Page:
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Old 09-23-2010, 05:58 PM   #1
sasjodi
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Hello Brew Talk,

I have been brewing beer for about a year and a half and have stepped into all grain and have made numerous delicious beers. Now I want to step into kegging since I want to have more batches of beer and less bottling . So I looked at midwest brewing supply and noticed a duel kegging draft system, and was thinking about buying it tonight. First I would like to know a little about kegging, I know its force carbonating, I have only done natural carbonation and brew Ales more. Besides that I know I place the Co2 tank on the beer for a certain amount of time, do you take it off after the carbonation is achieved or do you leave it on the keg while in the fridge or the cold basement? Can a keg be stored in a basement to drink if the basement is around 40 degrees? Also has anyone ordered this kegging system from midwest? It looks like a pretty nice set at a really good price...

 
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Old 09-23-2010, 06:20 PM   #2
JonK331
 
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Can you post a link to the system you are looking at? Basic practice is to rack the finished beer to a sanitized keg, connect the CO2, and purge out the O2 by operating the release valve on the keg. Then chill the keg down to around 40 f depending on style and preference. There are many different opinions on how to force carb. The way I do it is to set the pressure to 30psi and leave it for 2-5 days depending on the carb level I'm going for (you can set this pressure before the keg is fully cooled, just set the keg in the cold environment, set the pressure, and leave it alone). Then reduce the pressure down to 4 to 10 psi to serve. Dude, kegging is awesome. SOOOOOO much easier than bottling. The time you save on bottling can be spent brewing (or sitting on your ass for that matter). Take the plunge, it is worth every penny and you'll never look back.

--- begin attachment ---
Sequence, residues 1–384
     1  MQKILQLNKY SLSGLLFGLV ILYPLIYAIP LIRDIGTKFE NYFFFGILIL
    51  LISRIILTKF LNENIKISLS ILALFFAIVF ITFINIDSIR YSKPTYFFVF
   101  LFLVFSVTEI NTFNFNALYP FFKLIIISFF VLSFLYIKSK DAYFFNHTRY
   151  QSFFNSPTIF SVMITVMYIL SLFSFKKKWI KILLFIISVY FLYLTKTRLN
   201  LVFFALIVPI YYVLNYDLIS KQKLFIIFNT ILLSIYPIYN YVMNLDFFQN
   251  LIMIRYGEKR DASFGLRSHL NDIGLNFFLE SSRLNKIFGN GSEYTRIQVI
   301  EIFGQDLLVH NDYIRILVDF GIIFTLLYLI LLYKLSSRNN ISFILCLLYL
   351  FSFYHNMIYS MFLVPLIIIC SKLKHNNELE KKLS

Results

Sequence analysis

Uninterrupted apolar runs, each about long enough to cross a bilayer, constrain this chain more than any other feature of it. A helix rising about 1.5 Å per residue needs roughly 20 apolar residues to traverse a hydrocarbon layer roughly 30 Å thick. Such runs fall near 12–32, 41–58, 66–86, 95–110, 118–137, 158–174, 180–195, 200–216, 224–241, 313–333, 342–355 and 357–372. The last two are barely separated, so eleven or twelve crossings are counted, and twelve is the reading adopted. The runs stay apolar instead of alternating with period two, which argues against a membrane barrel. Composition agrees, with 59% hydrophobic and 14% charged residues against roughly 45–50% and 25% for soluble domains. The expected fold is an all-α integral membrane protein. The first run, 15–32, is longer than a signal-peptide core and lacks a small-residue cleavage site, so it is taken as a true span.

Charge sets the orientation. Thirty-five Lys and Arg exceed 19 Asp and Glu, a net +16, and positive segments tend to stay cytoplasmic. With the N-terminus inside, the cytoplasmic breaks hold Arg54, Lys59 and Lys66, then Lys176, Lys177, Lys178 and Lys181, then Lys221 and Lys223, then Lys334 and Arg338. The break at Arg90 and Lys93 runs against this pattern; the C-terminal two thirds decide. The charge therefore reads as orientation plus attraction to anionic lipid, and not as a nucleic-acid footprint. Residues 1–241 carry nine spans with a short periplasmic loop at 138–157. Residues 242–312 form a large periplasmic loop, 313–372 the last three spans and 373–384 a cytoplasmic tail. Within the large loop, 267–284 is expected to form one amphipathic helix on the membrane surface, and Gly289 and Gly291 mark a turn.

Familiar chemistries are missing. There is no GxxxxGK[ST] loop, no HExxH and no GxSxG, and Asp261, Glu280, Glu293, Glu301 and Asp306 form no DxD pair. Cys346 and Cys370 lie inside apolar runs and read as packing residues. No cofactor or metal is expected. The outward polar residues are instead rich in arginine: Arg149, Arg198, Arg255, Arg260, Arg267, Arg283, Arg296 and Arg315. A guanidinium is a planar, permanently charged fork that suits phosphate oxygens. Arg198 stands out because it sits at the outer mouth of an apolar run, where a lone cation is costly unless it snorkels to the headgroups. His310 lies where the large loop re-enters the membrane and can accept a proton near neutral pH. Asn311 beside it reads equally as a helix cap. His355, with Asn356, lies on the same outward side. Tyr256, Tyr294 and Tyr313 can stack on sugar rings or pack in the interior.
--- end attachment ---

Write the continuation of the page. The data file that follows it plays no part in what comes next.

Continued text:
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Old 09-23-2010, 06:23 PM   #3
bucfanmike
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Well ill start i guess. I buy alot from midwest, but any of the big retailers will sell a nice kit. The co2 will stay hooked to the beer, and i guess 40 would be ok, many like stouts at that temp. They easiest way for me to carb is to try to plan ahead and be carbing my next beer before i need it. I set the co2 pressure to about 12lbs and leave it alone for about a week to 10 days. However this is with my beer at 36 degrees. colder beer absorbs co2 better than warmer beer so at 40 your co2 pressure would need to be higher. fortunately there are charts that spell that out, such as this one..